CANTON, MS (WLBT) - Two years after Madison County began cutting-back its recycling efforts, students in Canton are doing the opposite. They’re taking their recyclables to school.
Alashija Johnson is the student body president at Canton High School. She’s also now a competitive recycler.
“We are very, very competitive,” she says of her classmates, “so when they heard that it was a competition, they were all aboard for it.”
“It” is a recycling program affiliated with the PepsiCo Recycle Rally, where students across the country compete to see which school can recycle the most. The winning school gets $10,000.
Joy Dodson, the woman behind Canton’s “Keep American Beautiful” certification, got the recycling program going in September after proposing the idea to Canton High School’s principal, Dr. Pamela Self.
“I was excited,” Dr. Self says, “because I want my students to understand that they can make a difference. So when she asked me about the recycling event or initiative, I was like, ‘Yes, yes, yes, let’s do it!'"
So for starters, Dodson got bins for the school to place all over campus. Johnson addressed the student body to encourage participation, and she says it quickly caught on.
“They’ll see a recycling bin and will eat a bag of chips and say. ‘Oh, we can put this in the recycling bin.’ So it has changed character throughout the school as well as their views on how to keep the school clean,” Johnson says.
In the cafeteria, lunch workers now separate the garbage from the recyclables as students turn-in their trays.
“We break down, like if it’s a hamburger or milk, we put the plastic where it goes, and the garbage goes in the garbage can,” says cafeteria worker Lee McDaniel, adding, “We want to win that $10,000 prize!”
It’s all piled into cans out back, and it adds up fast, especially as the kids bring recyclables from home, and churches bring theirs -- all wanting to help the school in the competition.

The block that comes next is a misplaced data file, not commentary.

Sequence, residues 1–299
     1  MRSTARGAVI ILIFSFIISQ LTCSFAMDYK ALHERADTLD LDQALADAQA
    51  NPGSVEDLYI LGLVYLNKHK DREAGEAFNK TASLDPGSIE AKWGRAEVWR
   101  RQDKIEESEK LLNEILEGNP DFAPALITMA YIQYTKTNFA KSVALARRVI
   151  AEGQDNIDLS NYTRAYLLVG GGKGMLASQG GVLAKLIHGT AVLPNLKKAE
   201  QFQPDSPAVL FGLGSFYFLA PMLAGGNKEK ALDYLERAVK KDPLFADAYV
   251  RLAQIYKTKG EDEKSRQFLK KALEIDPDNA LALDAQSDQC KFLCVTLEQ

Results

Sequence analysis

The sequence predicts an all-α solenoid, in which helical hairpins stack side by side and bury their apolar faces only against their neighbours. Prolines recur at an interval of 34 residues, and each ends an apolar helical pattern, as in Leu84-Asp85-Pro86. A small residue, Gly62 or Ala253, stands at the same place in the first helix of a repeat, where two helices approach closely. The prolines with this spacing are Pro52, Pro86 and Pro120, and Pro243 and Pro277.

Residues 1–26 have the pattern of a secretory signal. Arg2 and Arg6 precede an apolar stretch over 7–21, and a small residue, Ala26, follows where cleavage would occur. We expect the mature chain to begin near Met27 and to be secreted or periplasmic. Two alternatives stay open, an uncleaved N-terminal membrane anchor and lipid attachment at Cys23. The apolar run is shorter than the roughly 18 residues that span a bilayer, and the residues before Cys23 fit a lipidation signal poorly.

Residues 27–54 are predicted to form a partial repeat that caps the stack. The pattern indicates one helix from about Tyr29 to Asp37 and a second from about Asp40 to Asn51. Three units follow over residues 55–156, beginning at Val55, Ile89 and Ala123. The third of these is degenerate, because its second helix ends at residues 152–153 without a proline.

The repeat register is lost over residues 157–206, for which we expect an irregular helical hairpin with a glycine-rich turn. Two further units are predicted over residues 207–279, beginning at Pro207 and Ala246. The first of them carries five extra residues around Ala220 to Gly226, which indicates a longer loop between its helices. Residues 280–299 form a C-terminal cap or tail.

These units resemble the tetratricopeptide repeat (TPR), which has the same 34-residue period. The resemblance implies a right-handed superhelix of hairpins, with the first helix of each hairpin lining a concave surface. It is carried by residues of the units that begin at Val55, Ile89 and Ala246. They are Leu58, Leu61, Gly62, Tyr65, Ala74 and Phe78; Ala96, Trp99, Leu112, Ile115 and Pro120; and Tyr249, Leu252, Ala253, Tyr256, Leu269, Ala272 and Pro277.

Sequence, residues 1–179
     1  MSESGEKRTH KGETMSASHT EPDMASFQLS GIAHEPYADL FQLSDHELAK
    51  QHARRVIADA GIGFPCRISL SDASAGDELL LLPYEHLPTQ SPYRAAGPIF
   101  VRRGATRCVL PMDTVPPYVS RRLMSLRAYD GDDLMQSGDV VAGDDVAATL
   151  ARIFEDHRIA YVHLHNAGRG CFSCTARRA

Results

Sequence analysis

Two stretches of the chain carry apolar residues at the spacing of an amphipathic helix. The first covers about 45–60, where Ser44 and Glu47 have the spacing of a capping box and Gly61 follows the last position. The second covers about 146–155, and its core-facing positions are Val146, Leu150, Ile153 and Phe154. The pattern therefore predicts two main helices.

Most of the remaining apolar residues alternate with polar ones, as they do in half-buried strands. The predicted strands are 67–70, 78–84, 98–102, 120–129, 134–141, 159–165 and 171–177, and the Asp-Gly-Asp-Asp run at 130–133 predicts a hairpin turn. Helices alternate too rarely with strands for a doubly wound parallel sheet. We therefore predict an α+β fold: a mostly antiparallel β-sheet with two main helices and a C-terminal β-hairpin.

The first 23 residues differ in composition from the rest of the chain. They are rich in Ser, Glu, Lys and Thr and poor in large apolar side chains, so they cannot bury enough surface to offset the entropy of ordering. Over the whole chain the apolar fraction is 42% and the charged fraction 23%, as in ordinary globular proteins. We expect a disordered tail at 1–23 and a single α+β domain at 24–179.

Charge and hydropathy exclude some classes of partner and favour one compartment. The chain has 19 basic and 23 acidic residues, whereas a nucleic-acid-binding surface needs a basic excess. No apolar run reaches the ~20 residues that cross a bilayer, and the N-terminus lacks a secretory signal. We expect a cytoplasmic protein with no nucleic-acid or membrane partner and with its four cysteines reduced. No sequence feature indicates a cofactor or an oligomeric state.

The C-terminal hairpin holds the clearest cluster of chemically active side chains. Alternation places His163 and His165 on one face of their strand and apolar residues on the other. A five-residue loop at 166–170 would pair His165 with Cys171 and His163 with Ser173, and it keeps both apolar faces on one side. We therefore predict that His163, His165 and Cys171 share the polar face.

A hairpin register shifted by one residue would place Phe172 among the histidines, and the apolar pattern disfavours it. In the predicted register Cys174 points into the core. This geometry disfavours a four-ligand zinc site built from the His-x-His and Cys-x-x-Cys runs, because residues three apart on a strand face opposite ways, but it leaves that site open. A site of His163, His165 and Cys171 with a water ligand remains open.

Dodson says she borrows her husband’s truck once week and backs it up to load the recyclables. She then hauls them off to the city’s recycling bins after measuring the load and reporting it to PepsiCo, in hopes of winning the cash prize for the school. But both she and the principal are looking beyond that.
“I think that’s what gets us in the door," Dodson says. “Everybody loves a competition, and there’s certainly money involved, which is even cooler, but... when you see those (bags) that are full of plastic that would have been going to a landfill somewhere and taking many years to decompose -- I’m hoping that it has reached them at a deeper level.”
“For my students to take the time to remind us as the adults and their classmates that, ‘Oh, no, don’t throw that in the trash can. That’s paper. Let’s put it in one of our recycling bins,’ and for our community... they know that these students can make a difference in the world,” says Dr. Self.
“Everybody knows recycling and reusing is important,” Dodson says. “I just want the kids to be able to catch on to how easy it is to make a big difference.”
For more information on the PepsiCo Recycle Rally, click here.